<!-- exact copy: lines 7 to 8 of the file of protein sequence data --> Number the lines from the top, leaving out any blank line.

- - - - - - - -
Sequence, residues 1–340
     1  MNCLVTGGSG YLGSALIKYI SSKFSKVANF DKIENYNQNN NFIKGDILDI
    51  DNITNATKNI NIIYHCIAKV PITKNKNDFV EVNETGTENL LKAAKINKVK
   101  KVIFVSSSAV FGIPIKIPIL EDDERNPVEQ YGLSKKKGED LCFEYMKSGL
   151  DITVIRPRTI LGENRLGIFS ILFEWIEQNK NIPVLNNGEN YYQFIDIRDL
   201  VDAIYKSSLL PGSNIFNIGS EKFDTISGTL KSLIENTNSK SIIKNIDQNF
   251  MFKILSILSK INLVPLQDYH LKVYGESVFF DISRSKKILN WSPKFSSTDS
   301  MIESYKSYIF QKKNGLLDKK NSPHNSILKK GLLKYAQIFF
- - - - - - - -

   251  MFKILSILSK INLVPLQDYH LKVYGESVFF DISRSKKILN WSPKFSSTDS
   301  MIESYKSYIF QKKNGLLDKK NSPHNSILKK GLLKYAQIFF